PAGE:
Embracing modularity requires a shift in how we approach projects. We need to rethink our relationships with clients. We need to transition our businesses from operating in short-term one-off projects, to long-term relationships. In these relationships, the measure of our success won’t just be the KPI of the websites we build. It’ll also be in the robustness of the platform we deliver: in terms of how self-sustainable it is, both in the short and the long term, and in terms of how cost-efficient a tool it becomes for our clients.

We’ve been working on this shift here at Dekode.

We work with our clients as a team, in the sense that we are mutually dependent on each other. We still help with strategy, communication and marketing, but we are trying to do this in a more humble, empathic manner. We focus a lot more on making our clients the masters in their own house. Our job is to build Sustainable Platforms, tools that enable people to actually do their job, both long-term and short-term.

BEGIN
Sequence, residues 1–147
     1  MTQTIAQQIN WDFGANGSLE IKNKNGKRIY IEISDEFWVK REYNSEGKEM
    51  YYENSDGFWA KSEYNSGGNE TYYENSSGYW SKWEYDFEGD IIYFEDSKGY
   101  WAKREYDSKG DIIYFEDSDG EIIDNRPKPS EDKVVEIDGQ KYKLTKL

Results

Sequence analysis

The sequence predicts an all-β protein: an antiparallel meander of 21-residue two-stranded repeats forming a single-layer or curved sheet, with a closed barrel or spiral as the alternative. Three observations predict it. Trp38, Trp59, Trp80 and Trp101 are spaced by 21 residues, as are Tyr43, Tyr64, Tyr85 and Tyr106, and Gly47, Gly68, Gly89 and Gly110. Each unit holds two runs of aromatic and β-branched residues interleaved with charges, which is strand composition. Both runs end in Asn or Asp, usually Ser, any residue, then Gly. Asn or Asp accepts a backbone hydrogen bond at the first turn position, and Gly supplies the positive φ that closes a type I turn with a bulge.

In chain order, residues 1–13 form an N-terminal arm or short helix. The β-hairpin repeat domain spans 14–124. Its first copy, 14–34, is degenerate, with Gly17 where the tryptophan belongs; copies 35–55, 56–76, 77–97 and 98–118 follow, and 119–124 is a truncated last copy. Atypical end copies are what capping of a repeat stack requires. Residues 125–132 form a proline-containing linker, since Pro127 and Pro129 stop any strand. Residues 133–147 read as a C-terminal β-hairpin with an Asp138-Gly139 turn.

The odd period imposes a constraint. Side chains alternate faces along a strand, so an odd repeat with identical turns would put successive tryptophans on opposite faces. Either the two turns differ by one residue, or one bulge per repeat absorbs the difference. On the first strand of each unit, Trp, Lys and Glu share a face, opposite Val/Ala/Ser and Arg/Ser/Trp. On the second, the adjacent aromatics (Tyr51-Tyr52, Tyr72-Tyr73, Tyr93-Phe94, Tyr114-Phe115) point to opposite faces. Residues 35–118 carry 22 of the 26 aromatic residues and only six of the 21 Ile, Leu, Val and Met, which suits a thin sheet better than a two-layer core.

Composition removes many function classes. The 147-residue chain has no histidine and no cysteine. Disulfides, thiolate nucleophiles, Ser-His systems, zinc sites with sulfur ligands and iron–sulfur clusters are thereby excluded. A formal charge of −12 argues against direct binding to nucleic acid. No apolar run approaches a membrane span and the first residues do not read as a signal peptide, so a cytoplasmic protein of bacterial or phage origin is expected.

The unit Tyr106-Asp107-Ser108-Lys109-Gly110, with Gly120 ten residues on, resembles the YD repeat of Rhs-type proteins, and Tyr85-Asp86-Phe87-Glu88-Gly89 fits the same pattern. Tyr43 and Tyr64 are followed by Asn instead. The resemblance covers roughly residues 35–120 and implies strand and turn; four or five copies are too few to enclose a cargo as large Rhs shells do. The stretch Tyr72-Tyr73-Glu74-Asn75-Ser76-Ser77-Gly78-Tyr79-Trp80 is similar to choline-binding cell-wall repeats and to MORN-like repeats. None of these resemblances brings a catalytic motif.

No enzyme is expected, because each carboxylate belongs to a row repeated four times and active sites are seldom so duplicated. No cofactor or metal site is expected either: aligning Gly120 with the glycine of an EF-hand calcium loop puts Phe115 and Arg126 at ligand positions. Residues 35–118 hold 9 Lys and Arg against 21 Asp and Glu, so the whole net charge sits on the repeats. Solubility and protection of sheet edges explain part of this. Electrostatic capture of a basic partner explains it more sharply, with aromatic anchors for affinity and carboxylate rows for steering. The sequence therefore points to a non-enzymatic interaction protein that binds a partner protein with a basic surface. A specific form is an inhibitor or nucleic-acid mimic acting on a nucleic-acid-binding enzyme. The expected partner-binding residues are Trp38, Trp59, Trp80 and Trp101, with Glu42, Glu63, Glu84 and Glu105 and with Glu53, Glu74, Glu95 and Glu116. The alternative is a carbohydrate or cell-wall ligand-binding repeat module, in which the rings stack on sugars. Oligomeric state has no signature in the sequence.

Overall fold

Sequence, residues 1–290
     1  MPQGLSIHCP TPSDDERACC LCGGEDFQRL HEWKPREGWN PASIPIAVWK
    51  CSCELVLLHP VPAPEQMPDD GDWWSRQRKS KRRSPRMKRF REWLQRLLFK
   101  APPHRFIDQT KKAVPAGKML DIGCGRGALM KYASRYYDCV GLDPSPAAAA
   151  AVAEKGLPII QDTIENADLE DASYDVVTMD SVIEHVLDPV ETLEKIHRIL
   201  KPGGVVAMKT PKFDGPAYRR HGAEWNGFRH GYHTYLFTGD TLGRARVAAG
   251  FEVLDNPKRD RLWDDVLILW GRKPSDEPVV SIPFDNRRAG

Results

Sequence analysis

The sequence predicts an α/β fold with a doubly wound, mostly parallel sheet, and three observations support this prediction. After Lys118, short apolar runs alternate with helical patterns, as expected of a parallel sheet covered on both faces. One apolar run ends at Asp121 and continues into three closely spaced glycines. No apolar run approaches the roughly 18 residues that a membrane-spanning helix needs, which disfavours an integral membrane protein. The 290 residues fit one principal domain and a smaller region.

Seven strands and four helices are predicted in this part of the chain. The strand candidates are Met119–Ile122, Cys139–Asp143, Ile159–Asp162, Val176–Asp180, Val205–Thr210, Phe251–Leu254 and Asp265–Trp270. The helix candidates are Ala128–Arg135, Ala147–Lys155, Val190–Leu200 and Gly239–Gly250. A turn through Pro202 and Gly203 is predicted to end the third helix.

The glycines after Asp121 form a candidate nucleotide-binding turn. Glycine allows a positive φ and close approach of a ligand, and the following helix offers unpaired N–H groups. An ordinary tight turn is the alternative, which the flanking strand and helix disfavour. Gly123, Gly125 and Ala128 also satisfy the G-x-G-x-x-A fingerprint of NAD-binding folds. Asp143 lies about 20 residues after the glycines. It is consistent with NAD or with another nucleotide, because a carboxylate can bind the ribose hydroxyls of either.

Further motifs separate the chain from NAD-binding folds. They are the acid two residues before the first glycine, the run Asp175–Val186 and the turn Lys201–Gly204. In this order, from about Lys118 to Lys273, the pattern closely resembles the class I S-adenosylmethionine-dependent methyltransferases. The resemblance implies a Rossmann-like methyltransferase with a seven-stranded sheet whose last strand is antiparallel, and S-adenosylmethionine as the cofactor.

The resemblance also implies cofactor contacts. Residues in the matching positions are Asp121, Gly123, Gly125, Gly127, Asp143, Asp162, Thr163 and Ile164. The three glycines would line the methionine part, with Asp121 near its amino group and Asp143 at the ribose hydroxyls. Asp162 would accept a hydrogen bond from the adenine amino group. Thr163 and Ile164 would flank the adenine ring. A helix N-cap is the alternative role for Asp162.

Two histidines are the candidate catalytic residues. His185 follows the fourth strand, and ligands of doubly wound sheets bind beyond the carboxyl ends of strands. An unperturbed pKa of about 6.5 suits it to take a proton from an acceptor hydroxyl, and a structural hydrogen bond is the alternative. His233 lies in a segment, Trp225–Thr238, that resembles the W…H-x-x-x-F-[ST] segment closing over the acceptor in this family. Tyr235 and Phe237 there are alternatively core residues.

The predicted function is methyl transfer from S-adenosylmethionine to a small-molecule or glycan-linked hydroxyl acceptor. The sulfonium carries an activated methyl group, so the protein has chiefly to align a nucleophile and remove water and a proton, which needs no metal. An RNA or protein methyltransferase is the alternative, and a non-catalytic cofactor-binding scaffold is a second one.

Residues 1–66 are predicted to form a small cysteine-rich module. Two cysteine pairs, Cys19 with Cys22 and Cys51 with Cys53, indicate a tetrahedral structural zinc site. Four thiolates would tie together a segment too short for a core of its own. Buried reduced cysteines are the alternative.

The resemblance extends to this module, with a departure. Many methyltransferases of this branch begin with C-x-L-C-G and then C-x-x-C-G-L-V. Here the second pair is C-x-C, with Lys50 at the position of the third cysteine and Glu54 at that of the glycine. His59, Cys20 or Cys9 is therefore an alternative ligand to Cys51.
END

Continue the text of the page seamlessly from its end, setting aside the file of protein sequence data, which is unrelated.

As they gain more experience and get even better at what they do, they deliver real value and help grow their respective business. In return we earn their trust and get a chance to help them dream more and do more on top of the same core foundation, instead of doing small meaningless fixes.

We are the “pit crew” in place to make sure our clients have the pole position when the race actually starts, and to help them continue to perform no matter how many laps they have done. In a short-term perspective, modularity will give us a competitive advantage. In a long-term perspective, it will be what will keep us in business, or not.

It is our guide to further develop our company and to stay relevant. And it seems to be working. Business is good, clients are more satisfied, employees get to work on interesting projects, not repeating the same tasks over and over again.